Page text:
Excel-DNA = .Net and Excel integration

In order to overcome limitations due to the lack of development of the VBA language, relaying on XLL seems a right option to manipulate Excel environment via more actual languages, like C++ or the .Net flavours.
From all the solutions one can opt to deal with this XLL thing, Excel-DNA is the way to go.

Excel-DNA (Excel Dot Net Assembly) lets integrate .Net and Excel, making possible to create native .xll add-ins for Excel (using .Net programming languages, via Visual Studio), which leverages high-performance in user-defined functions (UDFs) and Excel manipulation from .Net coded applications. It also allows to customize ribbon interfaces. The add-in can be packed into a single .xll file -requiring no installation or registration, only linking from the Excel COM tab manager-.

Other alternatives to this .Net-Excel integration would be, on the open source side: XWL project, KAS XLL -old JetXLL-, and on the commercial side: Add-in-Express or XLL+ from Planatech; although none of them seem to get as evolved and reliable. On the other hand they seem to be better at C++ than Excel-DNA.
Also, one could go and try Microsoft solutions on this field: Excel Development kit or even Visual Studio Tools for Office (VSTO).

Keeping us in Excel-DNA, the current version is 1.1 (released on 29 June 2020) and is expected to be the final version with support for older .NET (< 4.5) and Excel (< 2007) releases. There are some newer pre-release versions that target .NET 6.

The official wiki is not very straight forward for VBA coders, and best resource to start there is this one -in C#- and not visually appealing; and the Samples page have an index I could barelly understand the purpose they each were coded for (need more explanation), as they seem targeted to devs purposes. So I better recommend to follow this youtube introduction https://www.youtube.com/watch?v=z3cbAh7CzMo from the very recommendable VBA A2Z channel. Either way, download this file of mine -where I’ll put all my code findings- as there were some parts of the edited youtube video that hid critical steps.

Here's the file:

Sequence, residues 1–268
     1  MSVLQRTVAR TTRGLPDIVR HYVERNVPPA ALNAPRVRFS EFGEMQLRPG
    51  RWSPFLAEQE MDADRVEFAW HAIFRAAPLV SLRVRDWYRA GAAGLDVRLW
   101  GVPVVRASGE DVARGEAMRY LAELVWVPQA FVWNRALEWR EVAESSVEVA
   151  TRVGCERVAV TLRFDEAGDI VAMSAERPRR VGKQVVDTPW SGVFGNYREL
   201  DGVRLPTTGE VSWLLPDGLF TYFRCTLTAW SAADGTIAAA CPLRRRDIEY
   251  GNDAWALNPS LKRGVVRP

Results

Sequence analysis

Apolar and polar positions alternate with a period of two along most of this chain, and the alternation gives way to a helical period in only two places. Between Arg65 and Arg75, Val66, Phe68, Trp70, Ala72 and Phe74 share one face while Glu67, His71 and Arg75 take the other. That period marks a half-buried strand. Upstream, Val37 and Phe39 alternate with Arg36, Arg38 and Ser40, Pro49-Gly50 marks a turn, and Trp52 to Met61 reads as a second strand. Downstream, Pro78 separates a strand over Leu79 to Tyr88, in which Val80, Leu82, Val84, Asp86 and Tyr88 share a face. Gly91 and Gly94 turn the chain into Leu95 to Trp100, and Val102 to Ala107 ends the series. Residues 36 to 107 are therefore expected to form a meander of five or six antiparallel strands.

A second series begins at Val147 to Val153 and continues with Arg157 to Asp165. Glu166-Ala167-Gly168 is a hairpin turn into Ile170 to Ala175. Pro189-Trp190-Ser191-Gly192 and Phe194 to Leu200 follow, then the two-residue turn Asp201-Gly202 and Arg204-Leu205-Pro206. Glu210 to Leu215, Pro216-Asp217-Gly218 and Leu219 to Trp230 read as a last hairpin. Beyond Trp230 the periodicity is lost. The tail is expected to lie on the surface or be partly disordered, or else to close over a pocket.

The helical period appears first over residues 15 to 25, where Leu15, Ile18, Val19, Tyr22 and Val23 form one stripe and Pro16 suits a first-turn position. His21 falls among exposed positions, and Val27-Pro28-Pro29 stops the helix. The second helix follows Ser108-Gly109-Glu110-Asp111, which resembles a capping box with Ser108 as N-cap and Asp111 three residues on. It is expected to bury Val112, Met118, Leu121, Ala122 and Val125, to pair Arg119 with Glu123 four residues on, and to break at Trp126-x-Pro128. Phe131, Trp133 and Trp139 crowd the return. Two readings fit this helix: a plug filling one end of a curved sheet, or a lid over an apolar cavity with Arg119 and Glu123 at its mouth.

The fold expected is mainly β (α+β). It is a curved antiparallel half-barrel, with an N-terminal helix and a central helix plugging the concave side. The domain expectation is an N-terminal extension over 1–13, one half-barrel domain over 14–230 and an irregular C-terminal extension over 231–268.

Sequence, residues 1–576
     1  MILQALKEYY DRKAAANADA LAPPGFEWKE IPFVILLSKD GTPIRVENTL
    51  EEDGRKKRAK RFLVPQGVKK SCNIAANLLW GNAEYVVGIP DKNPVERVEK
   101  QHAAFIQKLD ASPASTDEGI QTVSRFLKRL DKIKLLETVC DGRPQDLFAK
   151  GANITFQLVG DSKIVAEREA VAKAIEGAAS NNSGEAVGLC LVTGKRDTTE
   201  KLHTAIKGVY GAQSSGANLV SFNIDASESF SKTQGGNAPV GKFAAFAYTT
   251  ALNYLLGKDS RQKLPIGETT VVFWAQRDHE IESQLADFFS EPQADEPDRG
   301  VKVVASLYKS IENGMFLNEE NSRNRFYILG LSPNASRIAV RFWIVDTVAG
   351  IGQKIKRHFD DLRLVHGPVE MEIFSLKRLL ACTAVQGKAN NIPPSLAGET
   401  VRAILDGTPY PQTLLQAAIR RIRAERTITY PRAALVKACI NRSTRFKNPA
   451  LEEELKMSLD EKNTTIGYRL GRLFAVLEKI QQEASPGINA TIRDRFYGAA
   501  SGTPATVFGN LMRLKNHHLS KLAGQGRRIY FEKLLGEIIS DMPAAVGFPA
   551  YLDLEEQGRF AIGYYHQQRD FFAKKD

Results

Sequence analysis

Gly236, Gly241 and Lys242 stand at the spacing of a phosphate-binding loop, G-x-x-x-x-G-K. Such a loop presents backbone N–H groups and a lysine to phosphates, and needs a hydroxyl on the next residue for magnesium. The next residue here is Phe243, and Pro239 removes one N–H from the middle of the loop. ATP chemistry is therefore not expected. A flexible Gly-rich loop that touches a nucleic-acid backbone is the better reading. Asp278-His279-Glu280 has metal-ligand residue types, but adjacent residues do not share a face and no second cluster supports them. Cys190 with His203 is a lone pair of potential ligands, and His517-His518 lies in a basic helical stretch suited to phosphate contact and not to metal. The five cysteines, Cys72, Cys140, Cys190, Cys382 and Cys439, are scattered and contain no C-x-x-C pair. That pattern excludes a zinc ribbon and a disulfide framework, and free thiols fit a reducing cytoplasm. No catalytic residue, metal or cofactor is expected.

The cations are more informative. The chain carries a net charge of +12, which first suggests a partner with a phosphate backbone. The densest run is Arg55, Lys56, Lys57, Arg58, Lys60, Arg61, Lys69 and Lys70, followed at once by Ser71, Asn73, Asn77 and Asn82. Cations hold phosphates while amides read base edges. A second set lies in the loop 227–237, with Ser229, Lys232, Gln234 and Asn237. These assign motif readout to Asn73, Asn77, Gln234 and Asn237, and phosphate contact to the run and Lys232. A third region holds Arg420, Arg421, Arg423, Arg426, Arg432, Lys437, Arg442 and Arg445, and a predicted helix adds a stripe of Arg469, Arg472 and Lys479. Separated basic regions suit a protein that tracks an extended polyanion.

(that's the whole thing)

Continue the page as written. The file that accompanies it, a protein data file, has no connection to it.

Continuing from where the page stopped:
Andy Sprague has some short trials on how he started that worth take a look for first steps.
If you want to go further, then next manual to follow will be this Patrick O’Beirne PDF, referenced on this post. If not 100% related, he has an application that should be revised with this article, describing a transpiler.

Another good material could be found on these series of 2010/02 posts on Simon Murphy‘s blog.

There is a official “forum” where you can ask for help in Google Groups (and also StackOverflow). This post was a continuation of this thread discussion, were I could not attach my Excel-DNA project to get more help, but now stays as a helper remainder for anyone interested on Excel-DNA.

Will post most related code here (in the project file to download) in the future, as more trials get done and gain some confidence with Excel-DNA

One of the first codes I should take a look is this one on StackOverflow, related to easing the manipulation of several cells once at a time.

Another set of posts I would enjoy are these related to Excel-DNA posts. The one that grabbed my attention is here detailing how to create a XLL for a very basic function, directly from script… easy-peasy, and it continues explaining the process for a more complex code (more than one function).

And last for today, these are some very promissing posts to overcome the DLL manage limitations on Excel, via a C++ wrapper. I’m thinking on OpenCV right now:
  • https://uglyduckling.nl/blog/financial-engineering/levmar-excel-an-introduction/
  • https://uglyduckling.nl/blog/financial-engineering/wrapping-c-dll-for-use-in-excel-vba-using-some-pretty-awesome-open-source-projects/
  • https://uglyduckling.nl/blog/financial-engineering/compiling-levmarsharp-visual-studio-2010/
  • https://uglyduckling.nl/blog/financial-engineering/compiling-levmar-using-nmake-visual-studio-2010/

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